The Idea Behind It
The timing of intercourse definitely affects whether or not you get pregnant. Women ovulate (release an egg) only once a month. The days shortly before ovulation and immediately afterward are the best times to get pregnant.
The Whelan method adds another layer to timing. The idea is that sperm with Y chromosomes (which make boy babies) are more likely to fertilize an egg at certain times of a woman's cycle. At other times, sperm with X chromosomes (which make girl babies) are more likely to do the job.
The Whelan method was developed by Elizabeth Whelan, who holds a doctorate in public health. Her recommendations are based in part on the work of Dr. Rodrigo Guerrero, a physician from Colombia, who published two studies in the 1970s.
Guerrero studied the timing of conception in over 1,300 women. He used the basal body temperature (BBT) method to determine when ovulation occurred. BBT rises slightly shortly after ovulation.
Guerrero reported that when intercourse led to conception on the day basal body temperature rose, only 43.5 percent of births were male. The greatest chance of having a boy baby came with conception six or more days before the rise.
Following the Whelan Method
To follow the Whelan method, you'll need to follow your basal body temperature (BBT). You need a special thermometer which can measure changes as small as a tenth of a degree. You can find BBT thermometers at the drugstore or online.
Take your temperature every morning, as soon as you wake up. Plot each day's temperature on a graph so that you can see when it changes. Look for a change of about one half to one degree. It may take a few cycles to distinguish the ovulation-related rise from smaller fluctuations.
Once you know which day of your cycle your BBT is likely to rise, you can begin planning intercourse. Whelan says to have intercourse near the time of ovulation if you want a girl, and four to six days before your BBT rise if you want a boy.
Whelan gives full details in her book Boy or Girl.
Whelan Versus Shettles
The Shettles method is a popular low-tech way of choosing the sex of a baby. Research on whether it works is scanty, but many women swear by it.
The Shettles method is another timing-based method. However, the instructions are opposite to Whelan's. Shettles says to have intercourse around the time of ovulation to make a boy baby, and a few days before ovulation for a girl.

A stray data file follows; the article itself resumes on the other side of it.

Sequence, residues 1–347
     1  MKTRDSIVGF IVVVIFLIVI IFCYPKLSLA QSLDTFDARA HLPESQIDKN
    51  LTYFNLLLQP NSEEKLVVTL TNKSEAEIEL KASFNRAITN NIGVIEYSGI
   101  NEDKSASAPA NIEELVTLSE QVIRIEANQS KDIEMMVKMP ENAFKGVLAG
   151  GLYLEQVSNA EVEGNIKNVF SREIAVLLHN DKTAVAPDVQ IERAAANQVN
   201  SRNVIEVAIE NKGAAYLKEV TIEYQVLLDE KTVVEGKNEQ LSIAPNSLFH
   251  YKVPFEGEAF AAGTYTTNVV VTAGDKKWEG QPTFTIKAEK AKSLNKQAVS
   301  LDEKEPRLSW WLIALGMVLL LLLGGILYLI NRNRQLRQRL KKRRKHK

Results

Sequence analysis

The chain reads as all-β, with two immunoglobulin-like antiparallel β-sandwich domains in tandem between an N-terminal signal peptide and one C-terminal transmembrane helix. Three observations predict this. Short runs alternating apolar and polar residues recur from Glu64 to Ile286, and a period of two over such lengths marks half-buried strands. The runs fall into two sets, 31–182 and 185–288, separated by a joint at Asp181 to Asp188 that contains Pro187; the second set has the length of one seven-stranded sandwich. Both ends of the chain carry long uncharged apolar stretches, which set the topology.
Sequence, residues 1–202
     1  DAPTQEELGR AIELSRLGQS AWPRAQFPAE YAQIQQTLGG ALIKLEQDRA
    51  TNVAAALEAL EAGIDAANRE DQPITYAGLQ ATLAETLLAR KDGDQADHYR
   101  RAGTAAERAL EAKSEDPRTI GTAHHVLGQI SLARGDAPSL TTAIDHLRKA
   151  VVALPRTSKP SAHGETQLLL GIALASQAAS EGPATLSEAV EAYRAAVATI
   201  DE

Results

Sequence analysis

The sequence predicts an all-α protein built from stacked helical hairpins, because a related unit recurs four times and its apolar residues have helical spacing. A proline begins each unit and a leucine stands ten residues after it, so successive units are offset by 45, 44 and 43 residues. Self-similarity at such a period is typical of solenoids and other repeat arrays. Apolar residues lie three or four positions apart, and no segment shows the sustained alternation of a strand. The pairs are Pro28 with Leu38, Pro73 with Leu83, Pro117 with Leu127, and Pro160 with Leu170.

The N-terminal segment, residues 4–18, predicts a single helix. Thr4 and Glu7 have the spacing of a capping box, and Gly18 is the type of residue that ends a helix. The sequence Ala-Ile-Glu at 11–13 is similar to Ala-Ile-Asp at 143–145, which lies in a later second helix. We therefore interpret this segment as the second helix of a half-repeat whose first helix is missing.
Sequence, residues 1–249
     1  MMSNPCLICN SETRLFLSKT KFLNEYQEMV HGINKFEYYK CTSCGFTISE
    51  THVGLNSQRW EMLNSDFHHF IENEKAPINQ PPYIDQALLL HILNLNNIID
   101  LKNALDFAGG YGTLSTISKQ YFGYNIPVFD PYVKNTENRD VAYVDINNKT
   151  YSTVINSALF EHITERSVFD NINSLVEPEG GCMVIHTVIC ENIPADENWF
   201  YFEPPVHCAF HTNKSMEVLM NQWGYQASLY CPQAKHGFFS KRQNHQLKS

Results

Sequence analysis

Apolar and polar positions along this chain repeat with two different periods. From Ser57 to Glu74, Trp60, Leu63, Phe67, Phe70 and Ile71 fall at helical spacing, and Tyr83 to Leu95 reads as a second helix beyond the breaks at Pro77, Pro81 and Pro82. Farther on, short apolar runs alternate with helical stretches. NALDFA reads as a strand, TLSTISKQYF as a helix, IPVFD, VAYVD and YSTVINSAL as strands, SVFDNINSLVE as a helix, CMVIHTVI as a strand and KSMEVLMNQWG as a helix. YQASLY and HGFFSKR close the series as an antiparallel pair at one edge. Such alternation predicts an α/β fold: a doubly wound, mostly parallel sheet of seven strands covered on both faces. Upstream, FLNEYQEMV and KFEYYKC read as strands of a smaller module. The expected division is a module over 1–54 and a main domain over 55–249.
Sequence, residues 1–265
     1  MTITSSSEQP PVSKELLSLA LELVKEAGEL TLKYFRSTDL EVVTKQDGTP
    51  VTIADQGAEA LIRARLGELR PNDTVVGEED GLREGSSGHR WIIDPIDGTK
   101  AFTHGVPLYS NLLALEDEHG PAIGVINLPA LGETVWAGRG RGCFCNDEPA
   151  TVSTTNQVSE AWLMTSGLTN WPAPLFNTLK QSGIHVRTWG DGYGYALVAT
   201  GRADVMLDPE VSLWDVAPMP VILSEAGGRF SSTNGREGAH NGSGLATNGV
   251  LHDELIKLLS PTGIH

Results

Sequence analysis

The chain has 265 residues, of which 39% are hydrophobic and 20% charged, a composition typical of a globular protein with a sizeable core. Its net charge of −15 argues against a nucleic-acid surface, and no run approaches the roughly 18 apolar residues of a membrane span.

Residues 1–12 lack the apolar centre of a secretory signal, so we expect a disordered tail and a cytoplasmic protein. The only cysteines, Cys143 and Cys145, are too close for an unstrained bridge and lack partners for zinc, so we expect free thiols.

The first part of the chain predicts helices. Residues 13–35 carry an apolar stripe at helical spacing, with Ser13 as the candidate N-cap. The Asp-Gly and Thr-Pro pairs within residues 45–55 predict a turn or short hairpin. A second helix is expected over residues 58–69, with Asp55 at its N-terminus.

Guerrero argued that the data Shettles used was based on studies of artificial insemination. Guerrero own studies showed that gender selection based on timing did, indeed, work differently for artificial insemination than for natural intercourse.
So, who's right? There isn't any really strong science behind either method. Doctors will need to do more studies before anyone knows for sure.
Does It Work?
Whelan claims that following her plan to conceive a boy works 68% of the time. For girls, she says the success rate is 57%. Even if she's right, that's certainly not a guarantee.
Medical studies haven't proven that timing makes much of a difference. However, there is some research, more recent than Guerrero, that suggests having intercourse in the two days before ovulation does make having a girl more likely.
Other Methods for Gender Selection
The only sure way to choose your baby's gender is through either artificial insemination or selective abortion. Even then, it's possible to make a mistake.
Still, trying for a boy or a girl can be a fun part of planning a pregnancy. There are calendars, diets, other timing methods, and even suggestions for which sexual positions to choose. Check with your doctor first before trying any special diets, supplements, medicines, or anything else that could put you or baby at risk. Otherwise, as long as you'll be happy with a baby of either gender, you can enjoy the process.